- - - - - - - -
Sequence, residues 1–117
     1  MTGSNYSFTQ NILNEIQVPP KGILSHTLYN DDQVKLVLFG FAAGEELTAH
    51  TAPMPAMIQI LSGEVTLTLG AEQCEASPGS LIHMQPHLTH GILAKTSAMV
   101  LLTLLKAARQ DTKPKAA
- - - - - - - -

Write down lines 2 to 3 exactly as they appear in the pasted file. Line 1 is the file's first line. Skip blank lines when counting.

     1  MTGSNYSFTQ NILNEIQVPP KGILSHTLYN DDQVKLVLFG FAAGEELTAH
    51  TAPMPAMIQI LSGEVTLTLG AEQCEASPGS LIHMQPHLTH GILAKTSAMV